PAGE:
Declining school enrollment raises concerns in Holt

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By Courtney Kendler
Holt Journal staff reporter

It’s 7 p.m. on an early October evening and tensions are high as parents, teachers and students fill the school board meeting room at Holt High School’s North Campus.

After several minutes of discussion, Executive Director of Curriculum and Staff Development Dr. Ruth Riddle addressed the growing crowd.

“Based on our internal data, we projected being down about 50 students and we’re right on target with our budget projections,” she said.

According to information gathered from, which publishes student count rates, there were 5,803 students in Holt Public Schools during the 2013-14 school year. The district saw a loss of 87 students in the next year, dropping to 5,716.

The decease in enrollment in HPS is consistent with the overall decrease in enrollment in Michigan. Chart by Courtney Kendler. Statistics from

The decrease in enrollment in HPS is consistent with the overall decrease in enrollment in Michigan. Chart by Courtney Kendler. Statistics from

According to Riddle, there are many possible contributing factors to the decline in enrollment, including the rise of charter schools, school of choice options and the rising trend of having smaller families.

Holt Public Schools Superintendent Dr. David Hornak agrees with Riddle’s assertion that a decrease in birthrates is playing a major role in declining enrollment.

“The birth rates in our community and in Michigan overall are lower than they were 10 years ago,” said Hornak. “Further compounding the reduction in students is the fact we are graduating classes that are larger than our incoming kindergarten classes. As a result, our numbers are lower.”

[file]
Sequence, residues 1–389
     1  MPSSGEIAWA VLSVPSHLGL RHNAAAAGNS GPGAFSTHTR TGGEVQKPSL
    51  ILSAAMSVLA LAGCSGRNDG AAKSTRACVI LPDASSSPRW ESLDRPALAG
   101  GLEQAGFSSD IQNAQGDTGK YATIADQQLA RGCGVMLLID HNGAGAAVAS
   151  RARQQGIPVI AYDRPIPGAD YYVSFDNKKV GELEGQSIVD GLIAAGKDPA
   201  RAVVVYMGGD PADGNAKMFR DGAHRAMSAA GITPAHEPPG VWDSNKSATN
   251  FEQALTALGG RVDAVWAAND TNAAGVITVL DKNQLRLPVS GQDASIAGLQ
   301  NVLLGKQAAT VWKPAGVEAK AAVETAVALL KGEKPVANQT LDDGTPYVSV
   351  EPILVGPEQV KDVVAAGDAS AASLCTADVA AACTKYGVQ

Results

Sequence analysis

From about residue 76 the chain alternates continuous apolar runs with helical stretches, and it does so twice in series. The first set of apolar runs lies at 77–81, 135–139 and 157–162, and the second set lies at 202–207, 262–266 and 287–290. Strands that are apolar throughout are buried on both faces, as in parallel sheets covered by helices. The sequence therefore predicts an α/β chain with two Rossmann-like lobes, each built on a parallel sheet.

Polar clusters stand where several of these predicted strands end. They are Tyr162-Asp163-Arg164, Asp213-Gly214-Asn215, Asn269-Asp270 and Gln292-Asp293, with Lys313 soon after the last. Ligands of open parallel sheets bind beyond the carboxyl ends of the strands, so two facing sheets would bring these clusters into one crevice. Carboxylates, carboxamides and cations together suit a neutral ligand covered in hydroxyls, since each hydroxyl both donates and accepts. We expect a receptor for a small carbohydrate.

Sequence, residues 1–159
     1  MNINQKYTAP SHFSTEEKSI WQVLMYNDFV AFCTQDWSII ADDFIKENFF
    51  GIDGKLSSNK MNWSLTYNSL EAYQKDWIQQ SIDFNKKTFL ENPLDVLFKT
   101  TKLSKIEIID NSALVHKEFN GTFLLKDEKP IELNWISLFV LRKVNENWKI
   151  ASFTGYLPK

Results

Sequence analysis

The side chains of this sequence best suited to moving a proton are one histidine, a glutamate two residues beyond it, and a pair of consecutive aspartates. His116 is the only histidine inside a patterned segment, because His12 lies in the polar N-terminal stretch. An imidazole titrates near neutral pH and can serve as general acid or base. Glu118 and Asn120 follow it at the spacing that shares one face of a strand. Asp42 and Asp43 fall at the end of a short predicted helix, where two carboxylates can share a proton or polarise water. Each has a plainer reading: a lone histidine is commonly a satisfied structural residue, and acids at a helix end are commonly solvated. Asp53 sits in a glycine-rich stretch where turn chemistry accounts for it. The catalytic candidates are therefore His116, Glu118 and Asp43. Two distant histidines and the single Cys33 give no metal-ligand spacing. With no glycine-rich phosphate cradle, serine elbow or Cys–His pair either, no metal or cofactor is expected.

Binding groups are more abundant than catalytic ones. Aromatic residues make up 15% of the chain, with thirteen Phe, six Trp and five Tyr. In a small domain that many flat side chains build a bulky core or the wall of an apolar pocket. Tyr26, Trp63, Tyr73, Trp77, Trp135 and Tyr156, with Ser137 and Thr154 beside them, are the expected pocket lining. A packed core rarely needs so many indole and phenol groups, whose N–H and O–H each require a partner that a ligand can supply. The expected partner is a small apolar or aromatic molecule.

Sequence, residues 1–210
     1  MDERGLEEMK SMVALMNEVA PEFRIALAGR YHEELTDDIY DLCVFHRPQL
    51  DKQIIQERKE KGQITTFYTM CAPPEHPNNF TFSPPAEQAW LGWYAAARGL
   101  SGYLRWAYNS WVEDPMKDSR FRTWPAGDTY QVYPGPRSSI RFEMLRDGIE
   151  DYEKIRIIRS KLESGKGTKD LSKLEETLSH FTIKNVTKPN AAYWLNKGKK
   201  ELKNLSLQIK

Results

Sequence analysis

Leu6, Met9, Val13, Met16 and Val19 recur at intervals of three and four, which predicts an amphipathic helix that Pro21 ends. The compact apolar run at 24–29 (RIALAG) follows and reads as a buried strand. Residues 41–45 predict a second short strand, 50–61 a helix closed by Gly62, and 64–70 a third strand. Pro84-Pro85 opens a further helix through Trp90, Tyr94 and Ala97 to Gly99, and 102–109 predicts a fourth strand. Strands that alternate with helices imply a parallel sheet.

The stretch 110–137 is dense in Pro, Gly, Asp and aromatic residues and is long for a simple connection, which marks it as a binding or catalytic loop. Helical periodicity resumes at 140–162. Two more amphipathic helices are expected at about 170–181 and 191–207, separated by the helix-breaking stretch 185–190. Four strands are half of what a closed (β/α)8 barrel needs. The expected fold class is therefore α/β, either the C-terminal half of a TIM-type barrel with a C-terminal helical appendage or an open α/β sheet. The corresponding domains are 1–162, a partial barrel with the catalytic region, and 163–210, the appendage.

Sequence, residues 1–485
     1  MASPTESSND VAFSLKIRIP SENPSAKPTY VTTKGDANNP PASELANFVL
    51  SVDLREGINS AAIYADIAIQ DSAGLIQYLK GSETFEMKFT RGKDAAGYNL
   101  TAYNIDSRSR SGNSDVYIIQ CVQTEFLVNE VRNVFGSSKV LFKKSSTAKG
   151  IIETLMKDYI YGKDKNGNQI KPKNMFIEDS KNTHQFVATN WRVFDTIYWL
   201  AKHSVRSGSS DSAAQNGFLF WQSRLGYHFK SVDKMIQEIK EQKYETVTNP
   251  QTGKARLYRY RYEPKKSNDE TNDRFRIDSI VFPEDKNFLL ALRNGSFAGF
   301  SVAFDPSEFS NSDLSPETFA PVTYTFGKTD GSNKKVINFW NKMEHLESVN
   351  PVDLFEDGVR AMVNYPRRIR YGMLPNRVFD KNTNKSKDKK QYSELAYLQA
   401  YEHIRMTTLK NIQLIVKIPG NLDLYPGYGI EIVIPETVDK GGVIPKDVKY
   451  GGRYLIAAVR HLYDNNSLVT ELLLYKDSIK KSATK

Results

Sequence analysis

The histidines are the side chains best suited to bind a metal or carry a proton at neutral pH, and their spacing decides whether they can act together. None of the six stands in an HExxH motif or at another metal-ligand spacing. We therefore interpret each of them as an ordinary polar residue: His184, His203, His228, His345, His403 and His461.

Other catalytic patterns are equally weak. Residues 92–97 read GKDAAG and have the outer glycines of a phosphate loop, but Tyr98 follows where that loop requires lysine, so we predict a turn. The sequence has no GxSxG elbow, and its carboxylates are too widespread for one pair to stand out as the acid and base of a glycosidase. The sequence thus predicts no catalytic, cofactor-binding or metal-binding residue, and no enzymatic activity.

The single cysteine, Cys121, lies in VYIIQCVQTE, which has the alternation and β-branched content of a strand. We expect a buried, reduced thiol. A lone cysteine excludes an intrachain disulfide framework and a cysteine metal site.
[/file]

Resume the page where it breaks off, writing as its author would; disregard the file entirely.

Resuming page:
“I agree with Dr. Hornak’s analysis,” said University of Washington Professor of Public Finance and Civic Engagement Justin Marlowe. “Mostly because there’s a lot of demographic data that suggests families today are having fewer children overall.”

According to statistics from the United States Census Bureau, the number of households that have children under the age of 18 has stayed at 38 million since 2000, despite a 9.7 percent growth in the population.

“I think that as long as there is a decline in birth rates and an increase in families moving out of the state, enrollment will continue to decrease,” said Riddle. “What I do like is that we saw a smaller number of students leaving the district this year than we did last year.”

Because enrollment was expected to decline, school officials were able to build a budget based on a loss of students, Hornak said. “In this case, Holt public built a budget on a reduction of 50 students and it appears we will be near that number.”

Several weeks after the school board meeting, information was released that showed the district had an actual loss of 52 students this year.

Jennifer Bertram, the mother of two Holt High School graduates, believes one of the major reasons the district has seen a loss in students is because of “the switch.”